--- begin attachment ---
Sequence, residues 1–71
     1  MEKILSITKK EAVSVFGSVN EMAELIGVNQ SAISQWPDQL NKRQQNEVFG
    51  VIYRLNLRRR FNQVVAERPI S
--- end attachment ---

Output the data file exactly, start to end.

Sequence, residues 1–71
     1  MEKILSITKK EAVSVFGSVN EMAELIGVNQ SAISQWPDQL NKRQQNEVFG
    51  VIYRLNLRRR FNQVVAERPI S